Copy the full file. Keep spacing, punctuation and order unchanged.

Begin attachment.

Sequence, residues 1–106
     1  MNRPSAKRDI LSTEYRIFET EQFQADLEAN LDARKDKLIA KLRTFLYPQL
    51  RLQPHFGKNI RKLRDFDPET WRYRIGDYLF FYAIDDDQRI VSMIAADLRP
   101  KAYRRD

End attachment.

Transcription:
Sequence, residues 1–106
     1  MNRPSAKRDI LSTEYRIFET EQFQADLEAN LDARKDKLIA KLRTFLYPQL
    51  RLQPHFGKNI RKLRDFDPET WRYRIGDYLF FYAIDDDQRI VSMIAADLRP
   101  KAYRRD